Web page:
It might be the name of this column, but Lovena Tuley isn’t about to tell you that you can get a bikini body in just three moves.
“You can’t do three moves for a bikini body,” says Tuley, a professional fitness competitor and personal trainer at Studio Alpha, 2449 S. Iowa. “I want to make that really clear.”
No, to look good, you’ve got to clean up your eating, spend time in the gym and work hard. No two ways about it, says Tuley, a member of the pro fitness circuit since 1994. In that time, plenty of people have seen the Lawrence mom of two onstage in a two piece, both before and after giving birth.
Nothing is ever a quick fix in Tuley’s mind. She grew up as an athlete and continued into exercise science and physical therapy before settling on training full-time. She says she’s been known to yell at other people’s clients for their diet-blowing confessions, though that doesn’t mean she’s not optimistic about their chances of repairing the damage.
“I always say no matter what you’ve done, no matter how you break it, you can rebuild it, you can remake it,” she says.
For her, you are what you eat and how you move. Tuley has always lived by these rules, but after becoming a mother to her children ages 5 years and 6 months, she says she became both easier on herself and more convicted on maintaining a healthy lifestyle. Gaining 25 pounds twice and having two C-sections will do that to a woman.
“You would think you would be harder on yourself, but for me, I’ve been kinder to myself,” she says, adding she was amazed at how her body could recover from such an intensive surgery. “Not to be rude, but nobody wants a fat trainer. If I’m telling them ... ‘Oh you can fix it’ but I can’t demonstrate it, then it doesn’t do you any good.”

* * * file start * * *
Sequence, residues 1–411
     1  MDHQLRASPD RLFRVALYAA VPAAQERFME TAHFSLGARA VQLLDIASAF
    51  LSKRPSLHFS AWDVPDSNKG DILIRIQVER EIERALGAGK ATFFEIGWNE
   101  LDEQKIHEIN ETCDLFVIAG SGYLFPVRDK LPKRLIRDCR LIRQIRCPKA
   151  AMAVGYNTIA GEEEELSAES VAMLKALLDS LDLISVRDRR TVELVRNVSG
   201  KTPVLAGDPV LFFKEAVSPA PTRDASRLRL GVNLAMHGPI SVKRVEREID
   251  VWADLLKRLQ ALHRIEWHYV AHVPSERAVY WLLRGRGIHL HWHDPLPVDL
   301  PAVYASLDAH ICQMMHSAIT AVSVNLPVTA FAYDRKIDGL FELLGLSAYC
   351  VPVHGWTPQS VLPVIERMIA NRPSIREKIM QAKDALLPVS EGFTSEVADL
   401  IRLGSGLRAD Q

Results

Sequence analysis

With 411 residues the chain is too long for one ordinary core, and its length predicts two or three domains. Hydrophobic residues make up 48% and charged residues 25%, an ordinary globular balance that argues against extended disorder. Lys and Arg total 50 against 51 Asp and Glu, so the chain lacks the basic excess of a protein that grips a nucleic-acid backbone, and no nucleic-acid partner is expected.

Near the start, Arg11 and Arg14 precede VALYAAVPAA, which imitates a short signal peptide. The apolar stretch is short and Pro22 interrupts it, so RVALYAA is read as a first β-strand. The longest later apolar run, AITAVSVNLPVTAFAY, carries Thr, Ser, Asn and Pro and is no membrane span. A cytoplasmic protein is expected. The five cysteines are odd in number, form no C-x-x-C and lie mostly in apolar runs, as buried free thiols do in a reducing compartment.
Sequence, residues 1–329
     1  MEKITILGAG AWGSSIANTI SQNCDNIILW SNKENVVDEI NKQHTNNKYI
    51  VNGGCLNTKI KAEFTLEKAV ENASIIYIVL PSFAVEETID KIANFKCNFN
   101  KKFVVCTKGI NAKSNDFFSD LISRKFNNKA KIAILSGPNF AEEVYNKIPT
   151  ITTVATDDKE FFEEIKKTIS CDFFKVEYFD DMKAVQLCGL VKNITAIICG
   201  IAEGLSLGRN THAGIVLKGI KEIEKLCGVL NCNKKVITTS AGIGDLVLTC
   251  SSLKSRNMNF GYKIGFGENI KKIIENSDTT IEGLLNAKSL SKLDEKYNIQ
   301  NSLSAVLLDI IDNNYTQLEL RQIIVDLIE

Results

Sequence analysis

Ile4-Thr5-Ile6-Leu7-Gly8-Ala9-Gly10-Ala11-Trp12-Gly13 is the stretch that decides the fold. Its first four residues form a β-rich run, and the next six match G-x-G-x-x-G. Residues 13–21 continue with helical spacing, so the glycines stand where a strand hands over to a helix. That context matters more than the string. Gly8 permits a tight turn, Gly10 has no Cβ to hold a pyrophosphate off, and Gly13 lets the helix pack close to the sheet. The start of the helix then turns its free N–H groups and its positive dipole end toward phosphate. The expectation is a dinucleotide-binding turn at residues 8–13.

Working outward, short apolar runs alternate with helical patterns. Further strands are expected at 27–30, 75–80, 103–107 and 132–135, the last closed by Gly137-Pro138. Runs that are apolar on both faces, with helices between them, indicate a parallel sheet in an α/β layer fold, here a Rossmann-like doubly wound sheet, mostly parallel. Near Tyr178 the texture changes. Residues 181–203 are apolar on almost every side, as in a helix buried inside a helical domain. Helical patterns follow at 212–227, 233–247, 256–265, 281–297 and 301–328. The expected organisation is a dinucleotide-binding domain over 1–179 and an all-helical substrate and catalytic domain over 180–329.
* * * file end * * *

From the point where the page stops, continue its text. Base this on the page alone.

So, how to get that bikini body? Healthy eating and lots of movement — which is the goal of Tuley’s three moves routine. All the moves are big calorie burners that don’t require any special equipment except for a set of stairs.
“The three moves I would have people make for a bikini body would probably be lifestyle changes, not exercises,” she admits, saying she does believe fitness is 90 percent diet. “I had to narrow it down to the three things I think would burn the most calories, use most of the total body, maybe get people outside — (where) there’s no excuses of equipment.”
So find a staircase, lace up your shoes and get to work.
Stair circuit: Start by running up the stairs. Next, take them two at a time. If you feel comfortable, you can change it up by running laterally up the stairs. Another more advanced variation is bounding up the stairs. Do as many passes as you can with good form.
Squats: Beginners can start by using a pole along the stair railing for balance. Squat down to parallel and come up, being careful to keep your knees from going in front of your toes and your weight should be in your heels. Repeat.
For those who don’t need help balancing, stand on a step with your arms in front of you and squat until your behind tap a step, then return to a standing position. Repeat.
Pushups/bear crawl: Standing on the ground, do pushups with your hands planted on the steps. The more vertical you are, the easier they will be. Fewer steps means a higher difficulty. Repeat as many as you can with good form.
For those who are more in shape, try the bear crawl: crawl up the stairs while on all fours. Start by going up in a bear crawl and running down. When you feel stronger and more comfortable, you can bear crawl down.